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After a brief growth spurt, bank lending in the US shrank in April and May, according to the latest data from the Federal Reserve. As Bloomberg points out, banks’ appetite for government bonds has remained relatively robust since the onset of the financial crisis. American banks now hold almost US$1.7trn in treasuries and related government debt, with holdings growing by an 11-12% annual clip so far this year, despite miserly yields.

The situation at Japanese banks looks eerily similar. Funds are being recycled into government bonds instead of loans, with year-on-year credit in a seemingly permanent state of contraction. The Economist Intelligence Unit does not expect America to experience a protracted slump like the one that has dogged Japan since its spectacular asset-price bubble burst in early 1990s. Still, there are enough similarities in some metrics to cause discomfort.

Encouragingly, deposits at American and Japanese banks are at or near record highs. This will please regulators, who are urging banks to avoid flightier wholesale sources of funding. But until these funds are put to more productive use than stockpiling low-yielding government bonds, nobody will be truly happy.

In most large countries, loan growth of 17% would represent a breakneck pace. In China, such growth is perceived as sign of a slowdown.

In May, the value of China’s outstanding bank loans rose by 17% from the year before, the slowest pace since late 2008. A series of interest rate increases and, more importantly, hikes to banks’ reserve requirements appear to be cooling the stimulus-fuelled surge in lending recorded in the months after the global financial crisis. The latest boost to reserve requirements, announced today, is the sixth hike so far this year. More increases are likely in the coming months, as worries persist over rising consumer inflation—5.5% in May—and a frothy property market. Still, the Economist Intelligence Unit expects China’s GDP to grow by 9% this year, only a modest slowdown from the 10.3% growth recorded in 2010. Despite the central bank’s tightening measures, credit conditions will remain relatively loose.

(Note: Some data in this post, and the accompanying chart, have been updated to reflect revised historical data.)

As Bernanke and company gather in Washington today and tomorrow to assess the strength of the US economy, there is some encouraging news from the country’s banks. Business lending grew at almost an 8% annualised clip in December, according to recent data. This, however, is unlikely to affect the Fed’s policy stance, with no change expected to the US$600bn asset-purchase programme or near-zero policy rates.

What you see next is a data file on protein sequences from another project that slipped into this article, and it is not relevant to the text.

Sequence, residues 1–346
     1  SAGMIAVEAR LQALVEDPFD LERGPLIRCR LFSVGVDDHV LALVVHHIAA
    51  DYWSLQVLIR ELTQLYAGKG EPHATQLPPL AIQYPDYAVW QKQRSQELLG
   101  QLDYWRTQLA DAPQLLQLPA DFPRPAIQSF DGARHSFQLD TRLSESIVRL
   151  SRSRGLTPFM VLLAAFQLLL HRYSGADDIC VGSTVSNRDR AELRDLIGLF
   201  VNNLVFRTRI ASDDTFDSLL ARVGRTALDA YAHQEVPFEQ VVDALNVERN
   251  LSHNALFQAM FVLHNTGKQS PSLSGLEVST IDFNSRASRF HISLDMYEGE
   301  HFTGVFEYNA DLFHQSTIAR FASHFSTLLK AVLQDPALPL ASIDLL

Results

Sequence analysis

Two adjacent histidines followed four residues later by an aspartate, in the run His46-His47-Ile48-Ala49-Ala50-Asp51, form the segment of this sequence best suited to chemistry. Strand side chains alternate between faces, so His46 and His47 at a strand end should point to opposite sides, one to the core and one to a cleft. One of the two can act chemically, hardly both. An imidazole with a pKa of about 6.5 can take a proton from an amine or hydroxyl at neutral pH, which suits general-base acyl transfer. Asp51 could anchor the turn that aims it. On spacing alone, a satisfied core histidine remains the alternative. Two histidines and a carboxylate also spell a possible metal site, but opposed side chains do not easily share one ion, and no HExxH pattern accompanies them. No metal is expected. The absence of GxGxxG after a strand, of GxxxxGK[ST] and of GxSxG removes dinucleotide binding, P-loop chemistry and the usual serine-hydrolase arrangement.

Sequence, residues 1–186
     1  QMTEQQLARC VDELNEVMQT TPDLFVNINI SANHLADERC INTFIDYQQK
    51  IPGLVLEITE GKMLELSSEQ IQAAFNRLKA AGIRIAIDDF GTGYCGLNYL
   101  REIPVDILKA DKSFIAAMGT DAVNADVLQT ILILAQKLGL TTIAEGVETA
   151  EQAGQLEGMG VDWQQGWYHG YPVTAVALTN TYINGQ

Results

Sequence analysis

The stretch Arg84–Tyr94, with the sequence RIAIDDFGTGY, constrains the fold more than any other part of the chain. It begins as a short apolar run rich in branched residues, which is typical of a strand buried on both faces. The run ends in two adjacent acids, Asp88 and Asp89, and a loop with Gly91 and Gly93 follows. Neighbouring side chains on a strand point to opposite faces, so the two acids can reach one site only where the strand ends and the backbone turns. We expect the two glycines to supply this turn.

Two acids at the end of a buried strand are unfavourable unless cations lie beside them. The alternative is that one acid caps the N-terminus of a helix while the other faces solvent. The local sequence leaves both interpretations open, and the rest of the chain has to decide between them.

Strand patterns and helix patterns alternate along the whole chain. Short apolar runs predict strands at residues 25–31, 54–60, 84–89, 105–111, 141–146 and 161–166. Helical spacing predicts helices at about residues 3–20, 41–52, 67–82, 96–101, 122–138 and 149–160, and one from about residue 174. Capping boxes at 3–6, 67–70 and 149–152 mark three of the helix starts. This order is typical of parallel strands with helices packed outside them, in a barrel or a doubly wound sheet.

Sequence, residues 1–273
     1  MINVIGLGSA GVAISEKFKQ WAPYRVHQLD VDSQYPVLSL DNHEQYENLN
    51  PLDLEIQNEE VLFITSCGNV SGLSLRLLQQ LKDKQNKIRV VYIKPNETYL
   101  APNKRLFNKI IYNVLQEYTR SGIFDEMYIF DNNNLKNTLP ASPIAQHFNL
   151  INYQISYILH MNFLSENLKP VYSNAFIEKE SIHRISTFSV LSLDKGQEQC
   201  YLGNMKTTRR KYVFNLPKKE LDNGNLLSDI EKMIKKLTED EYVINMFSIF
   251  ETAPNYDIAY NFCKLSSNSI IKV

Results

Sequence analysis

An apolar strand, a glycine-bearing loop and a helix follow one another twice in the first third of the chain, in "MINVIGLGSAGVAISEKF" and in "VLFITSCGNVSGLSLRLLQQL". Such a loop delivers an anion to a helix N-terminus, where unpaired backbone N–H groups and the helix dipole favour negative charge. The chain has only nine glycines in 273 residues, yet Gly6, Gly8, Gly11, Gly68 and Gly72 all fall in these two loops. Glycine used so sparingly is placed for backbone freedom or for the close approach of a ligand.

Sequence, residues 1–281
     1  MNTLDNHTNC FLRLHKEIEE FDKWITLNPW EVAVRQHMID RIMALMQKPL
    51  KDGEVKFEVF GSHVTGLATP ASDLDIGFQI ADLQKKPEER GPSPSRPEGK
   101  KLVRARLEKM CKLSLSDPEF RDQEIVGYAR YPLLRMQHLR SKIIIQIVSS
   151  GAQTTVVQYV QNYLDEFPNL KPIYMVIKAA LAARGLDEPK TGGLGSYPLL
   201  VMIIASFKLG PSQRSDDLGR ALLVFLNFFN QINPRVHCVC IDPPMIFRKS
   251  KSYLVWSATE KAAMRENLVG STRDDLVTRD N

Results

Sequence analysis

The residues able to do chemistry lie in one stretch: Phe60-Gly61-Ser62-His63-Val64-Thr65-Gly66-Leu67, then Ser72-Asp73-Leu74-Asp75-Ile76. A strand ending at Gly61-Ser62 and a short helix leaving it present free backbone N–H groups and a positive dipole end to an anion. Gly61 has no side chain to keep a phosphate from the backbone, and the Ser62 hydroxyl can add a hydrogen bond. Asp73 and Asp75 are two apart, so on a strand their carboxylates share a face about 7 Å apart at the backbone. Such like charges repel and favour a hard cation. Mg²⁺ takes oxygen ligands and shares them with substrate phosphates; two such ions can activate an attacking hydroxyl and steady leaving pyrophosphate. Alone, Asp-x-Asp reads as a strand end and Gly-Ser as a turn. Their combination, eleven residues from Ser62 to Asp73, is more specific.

What’s more, the month-on-month annualised jump in business loans in December doesn’t tell the entire story. Year on year, the stock of commercial and industrial lending fell for the twentieth consecutive month in December. The ratio of banks’ cash to business loans, although down from recent all-time highs, remains elevated in historical terms.     

Recent data on lending, spending and—later this week—overall economic growth in the fourth quarter will give some comfort to American policymakers. However, the recovery has much longer to run. A Fed rate hike is unlikely before the second half of 2012.

Sberbank, by far Russia’s largest bank, reported quarterly earnings today. Its net profit in the first nine months of the year, Rb109.6bn (US$3.5bn), is more than ten times the total in the previous year. A steep fall in provisions helped, as did a rise in fee and commission-based income.

Russia faces many daunting challenges as it recovers from a severe recession. But one important thing it has going for it—and a crucial advantage in relation to other large economies—is that it will not suffer from the need to deleverage huge volumes of private debt. Since the start of the year, Sberbank has grown its loan portfolio by nearly 8%, with similar rises recorded for both corporate and consumer loans. Net interest income, however, is 4% down on the previous year, thanks to falling interest rates and “competition for good borrowers”, the bank said. Struggling to serve rising demand from borrowers is nonetheless a challenge that many other banks would welcome.

Your correspondent spoke at a corporate finance conference in Nicosia today, where much of the talk was about Tuesday’s downgrade of Cyprus by Standard & Poor’s. The ratings agency cited Cypriot banks’ exposure to souring Greek debt as an important factor in its decision. The country’s large banking sector—assets are worth nearly 700% of GDP—came in for criticism by corporate executives at the event, but not necessarily for the prominence the banks received in S&P’s statement.